Occom, Mary (née Fowler)

Variant last names: Occom
honorificMrs.
Birth: c. 1730 in Montauk, Long Island
Death: Unknown in Brothertown, NY
Affiliation:

Montaukett Tribe; Mohegan Tribe; Brothertown Tribe

Education:

Studied at Samson Occom's school at Montauk; literate.

Nationality:

Montauk

Residence:

Montauk, Long Island ( to 1764)

Mohegan, CT (from 1764 to 1789)

Brothertown, NY (from 1789 to 1790)

New Stockbridge, NY (from 1790)

Marital status:

Mary Fowler married Samson Occom in 1751 while he was a missionary and school master at her native Montauk. They had between 10 and 12 children.

Biography:

Mary Occom (née Fowler) was a Montaukett woman who married Samson Occom. Although information about her is limited and often comes from male, Anglo-American sources, it offers a tantalizing glimpse of her strength, as well as an alternative to the Eleazar Wheelock-centered narrative of Occom’s life that often dominates the latter’s biography. Mary was born into the influential Fowler family at Montauk, Long Island. She met Samson during his missionary service there (1749-1761). Mary studied at Samson’s school along with her brothers David and Jacob, and was almost certainly literate. She and Samson married in 1751. Wheelock and several other Anglo-American powers opposed their union because they worried it might distract Occom from being a missionary (as, indeed, family life did), and thus many scholars have read in Samson and Mary’s marriage an act of resistance against Samson’s domineering former teacher. Little information about the minutiae of Mary’s life survives, but existing sources speak volumes about her character and priorities. In front of Anglo-American missionaries visiting the Occoms' English-style house at Mohegan, Mary would insist on wearing Montaukett garb and, when Samson spoke to her in English, she would only reply in Montaukett, despite the fact that she was fluent in English. Mary Occom was, in many ways, Wheelock’s worst fear: that his carefully groomed male students would marry un-Anglicized Indian women. It is not a stretch to imagine that Mary provided much of the incentive for Wheelock to begin taking Indian girls into his school, lest his other protégés replicate Samson’s choice. Much of our information about Mary comes from between 1765 and 1768, when Samson was fundraising in Great Britain. Despite promising to care for Samson’s wife and family (at the time they had seven children), Wheelock, by every objective measure, failed to do so, and Mary’s complaints are well documented. Hilary Wyss reads in Wheelock’s neglect (and in letters from the time) a more sinister story, and concludes that on some level Wheelock was holding Samson’s family hostage, in return for Occom curtailing his political beliefs on the Mason Case. Wyss also notes Mary’s remarkable survivance in this situation. Mary drew on various modes of contact, from letters to verbal communication with influential women (including Sarah Whitaker, the wife of Samson’s traveling companion, and Wheelock’s own daughters), to shame Wheelock into action and demand what she needed. One of the major struggles in Mary’s life, and in Samson’s, was with their sons. Both Aaron and Benoni failed to live up to their parents’ expectations. Aaron attended, and left, Moor’s Indian Charity School three times, and both Aaron and Benoni struggled with alcohol and refused to settle down. The Occom daughters did not cause similar problems. Given the nature of existing sources, little is known about Mary after Samson and Wheelock lessened their communication in 1771. Joanna Brooks has conjectured that Mary was likely influential in Samson’s Mohegan community involvement later in life, for instance, in his continued ministry to Mohegan and, perhaps, his increasingly vehement rejection of Anglo-American colonial practices.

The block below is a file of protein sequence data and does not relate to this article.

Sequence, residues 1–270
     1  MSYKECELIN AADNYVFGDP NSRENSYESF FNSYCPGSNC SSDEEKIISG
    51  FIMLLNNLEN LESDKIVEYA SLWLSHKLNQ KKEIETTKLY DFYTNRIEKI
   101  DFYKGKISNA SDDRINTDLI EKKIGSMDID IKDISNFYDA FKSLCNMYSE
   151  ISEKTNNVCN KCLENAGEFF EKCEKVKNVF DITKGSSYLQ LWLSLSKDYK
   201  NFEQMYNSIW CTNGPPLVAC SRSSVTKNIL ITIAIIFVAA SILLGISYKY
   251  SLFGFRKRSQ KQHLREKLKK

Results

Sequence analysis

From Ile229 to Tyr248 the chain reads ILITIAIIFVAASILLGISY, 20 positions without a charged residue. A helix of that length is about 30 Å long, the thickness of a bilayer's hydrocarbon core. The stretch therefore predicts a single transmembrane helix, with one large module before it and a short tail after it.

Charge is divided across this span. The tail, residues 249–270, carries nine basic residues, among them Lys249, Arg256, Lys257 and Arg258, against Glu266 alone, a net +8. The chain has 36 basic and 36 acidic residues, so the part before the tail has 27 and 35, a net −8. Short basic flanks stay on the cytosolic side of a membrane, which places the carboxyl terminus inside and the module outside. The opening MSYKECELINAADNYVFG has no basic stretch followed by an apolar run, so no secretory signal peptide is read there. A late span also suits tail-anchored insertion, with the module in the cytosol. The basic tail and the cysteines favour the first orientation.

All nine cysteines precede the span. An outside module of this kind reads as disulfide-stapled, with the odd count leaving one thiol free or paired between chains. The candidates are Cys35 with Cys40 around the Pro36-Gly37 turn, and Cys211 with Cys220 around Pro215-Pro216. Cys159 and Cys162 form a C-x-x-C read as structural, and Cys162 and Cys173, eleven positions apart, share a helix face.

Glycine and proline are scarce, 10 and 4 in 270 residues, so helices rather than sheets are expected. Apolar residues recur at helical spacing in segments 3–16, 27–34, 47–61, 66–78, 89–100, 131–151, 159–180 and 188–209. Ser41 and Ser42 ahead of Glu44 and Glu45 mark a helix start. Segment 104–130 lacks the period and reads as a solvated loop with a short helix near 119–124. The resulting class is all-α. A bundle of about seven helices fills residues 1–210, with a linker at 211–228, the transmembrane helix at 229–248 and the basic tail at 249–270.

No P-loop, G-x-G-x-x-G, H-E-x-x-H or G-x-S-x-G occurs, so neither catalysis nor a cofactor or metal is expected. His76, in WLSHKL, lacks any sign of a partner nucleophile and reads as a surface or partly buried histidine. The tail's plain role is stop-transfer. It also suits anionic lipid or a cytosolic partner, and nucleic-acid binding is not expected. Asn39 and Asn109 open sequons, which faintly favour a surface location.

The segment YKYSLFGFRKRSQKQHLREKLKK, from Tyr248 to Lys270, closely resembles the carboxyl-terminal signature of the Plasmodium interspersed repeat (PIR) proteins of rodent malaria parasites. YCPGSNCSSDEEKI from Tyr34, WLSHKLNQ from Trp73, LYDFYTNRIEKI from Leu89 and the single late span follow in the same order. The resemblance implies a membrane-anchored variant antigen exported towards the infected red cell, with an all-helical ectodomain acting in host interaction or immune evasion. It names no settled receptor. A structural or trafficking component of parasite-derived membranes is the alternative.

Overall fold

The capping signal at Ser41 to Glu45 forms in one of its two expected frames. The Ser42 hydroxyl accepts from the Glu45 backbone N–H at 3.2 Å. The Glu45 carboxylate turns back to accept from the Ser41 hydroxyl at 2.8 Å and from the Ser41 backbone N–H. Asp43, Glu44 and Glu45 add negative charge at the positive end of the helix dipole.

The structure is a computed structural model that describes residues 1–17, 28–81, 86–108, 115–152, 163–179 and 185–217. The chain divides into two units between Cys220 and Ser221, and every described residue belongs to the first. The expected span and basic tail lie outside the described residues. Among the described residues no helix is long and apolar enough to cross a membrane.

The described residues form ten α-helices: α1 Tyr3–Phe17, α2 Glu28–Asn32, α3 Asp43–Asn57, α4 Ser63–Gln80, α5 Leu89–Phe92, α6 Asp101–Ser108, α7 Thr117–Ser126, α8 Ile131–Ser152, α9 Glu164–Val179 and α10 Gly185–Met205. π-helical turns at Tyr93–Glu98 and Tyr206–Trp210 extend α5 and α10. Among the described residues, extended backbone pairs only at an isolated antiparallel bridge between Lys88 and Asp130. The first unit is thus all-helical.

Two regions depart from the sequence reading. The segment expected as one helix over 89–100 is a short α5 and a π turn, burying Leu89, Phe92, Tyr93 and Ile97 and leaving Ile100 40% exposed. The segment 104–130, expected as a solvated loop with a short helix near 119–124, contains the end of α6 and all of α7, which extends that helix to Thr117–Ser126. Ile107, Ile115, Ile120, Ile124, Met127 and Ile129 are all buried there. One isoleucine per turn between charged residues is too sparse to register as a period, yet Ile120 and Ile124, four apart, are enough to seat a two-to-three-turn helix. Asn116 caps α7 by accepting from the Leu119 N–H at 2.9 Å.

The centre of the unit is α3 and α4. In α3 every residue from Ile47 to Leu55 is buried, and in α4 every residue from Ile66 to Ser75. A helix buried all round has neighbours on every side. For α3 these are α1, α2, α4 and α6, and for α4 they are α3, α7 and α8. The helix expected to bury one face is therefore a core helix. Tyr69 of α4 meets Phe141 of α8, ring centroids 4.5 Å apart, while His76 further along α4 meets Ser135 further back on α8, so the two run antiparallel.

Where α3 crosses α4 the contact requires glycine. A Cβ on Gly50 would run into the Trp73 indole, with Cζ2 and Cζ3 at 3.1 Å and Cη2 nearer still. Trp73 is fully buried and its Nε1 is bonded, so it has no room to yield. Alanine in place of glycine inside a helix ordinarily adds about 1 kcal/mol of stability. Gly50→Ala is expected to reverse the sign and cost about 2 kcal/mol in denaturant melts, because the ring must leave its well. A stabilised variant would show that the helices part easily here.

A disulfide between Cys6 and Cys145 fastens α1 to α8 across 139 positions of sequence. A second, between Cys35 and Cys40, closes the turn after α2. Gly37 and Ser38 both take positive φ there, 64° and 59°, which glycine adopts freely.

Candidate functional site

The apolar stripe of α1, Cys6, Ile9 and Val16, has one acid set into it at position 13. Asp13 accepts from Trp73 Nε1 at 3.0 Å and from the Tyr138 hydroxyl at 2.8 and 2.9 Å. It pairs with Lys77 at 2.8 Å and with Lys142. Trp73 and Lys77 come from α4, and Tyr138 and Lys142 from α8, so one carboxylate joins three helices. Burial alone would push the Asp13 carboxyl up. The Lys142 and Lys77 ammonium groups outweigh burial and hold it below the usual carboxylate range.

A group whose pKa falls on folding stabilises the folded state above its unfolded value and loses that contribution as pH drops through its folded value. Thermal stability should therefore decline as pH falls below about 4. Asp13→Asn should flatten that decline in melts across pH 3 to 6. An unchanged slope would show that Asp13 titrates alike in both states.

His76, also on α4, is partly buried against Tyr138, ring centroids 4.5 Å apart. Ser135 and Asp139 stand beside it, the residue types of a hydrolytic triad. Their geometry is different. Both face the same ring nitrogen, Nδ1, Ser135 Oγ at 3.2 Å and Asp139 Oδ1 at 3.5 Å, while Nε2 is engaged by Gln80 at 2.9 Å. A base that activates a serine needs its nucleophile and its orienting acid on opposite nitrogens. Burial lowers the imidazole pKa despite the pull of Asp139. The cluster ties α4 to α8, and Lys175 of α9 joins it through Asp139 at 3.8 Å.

Documents written: retrieve them
Documents received: retrieve them
All related documents: retrieve them
Sources:

Brooks, Joanna. The Collected Writings of Samson Occom, Mohegan: Leadership and Literacy in Eighteenth-Century Native America. Oxford 2006. Find a Grave. "Mary Fowler Occom." Accessed 3/27/14 http://www.findagrave.com/cgi-bin/fg.cgi?page=gr&GRid=33001206. Love, Deloss. Samson Occom and the Christian Indians of New England. Pilgrim Press 1899. Silverman, David J. Red Brethren: The Brothertown and Stockbridge Indians and the Problem of Race in Early America. Ithaca: Cornell University Press 2010. Wyss, Hilary. English Letters and Indian Literacies: Reading, Writing, and New England Missionary Schools, 1750-1830. Philadelphia: University of Pennsylvania Press, 2012.